By Hichem Karoui,
The Gulf Today, July 24, 2010
Over the past decade, the US has channeled $11 billion in aid to Pakistan and Afghanistan, with virtually all of it going to the military. Many observers are skeptical, but there is a feeling that without Pakistan’s help, the situation cannot improve in Afghanistan. And there is a need to support democratic development in Pakistan as a way to fight extremism. The education system, as the basis of all societies, needs more care.
Free Islamic education provided by “madrasas” in Pakistan has come under scrutiny in the wake of September 11, 2001. Madrasas have been charged of sowing the seeds of sectarianism and violence in the minds of young people. There were a plethora of analyses and reports and comments in the media and the Think Tanks, with varied levels of objectivity and biases. Madrasas were often linked to Islamic extremism. Even the International Crisis Group (ICG) issued a report (July 2002) distinguishing five types of madrasas, all of them divided “along sectarian and political lines.” Continue reading Pakistan’s madrasas reassessed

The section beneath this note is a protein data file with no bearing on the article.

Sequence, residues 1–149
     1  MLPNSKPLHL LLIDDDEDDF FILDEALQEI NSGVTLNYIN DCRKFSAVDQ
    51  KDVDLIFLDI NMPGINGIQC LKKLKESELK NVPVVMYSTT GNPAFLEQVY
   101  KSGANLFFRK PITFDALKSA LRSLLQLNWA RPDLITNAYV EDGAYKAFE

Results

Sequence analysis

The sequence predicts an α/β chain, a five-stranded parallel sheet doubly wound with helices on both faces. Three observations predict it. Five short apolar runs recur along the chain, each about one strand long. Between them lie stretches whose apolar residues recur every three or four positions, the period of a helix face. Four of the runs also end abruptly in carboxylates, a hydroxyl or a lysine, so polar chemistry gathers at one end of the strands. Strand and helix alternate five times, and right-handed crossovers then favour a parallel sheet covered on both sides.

A public access codebook for the international development research community
Adjunct Professor of Political Science at Innsbruck University, Austria
Box 1: The independent variables
% women in government, all levels is one of the UNDP’s long-term lead indicators of the institutionalization of political feminism. We time-lagged the variable and measured the it by around 1998. It was documented in the NDP HDR 2000. The idea of the indicator is to capture the real advance of women not only at the level of the top political administration of a given country, but at the general level of the central government, i.e. taking the important decision-making ministerial bureaucracies into account as well.
Continue reading 41 Indicators of Development
|By Hichem Karoui
||July 17, 2010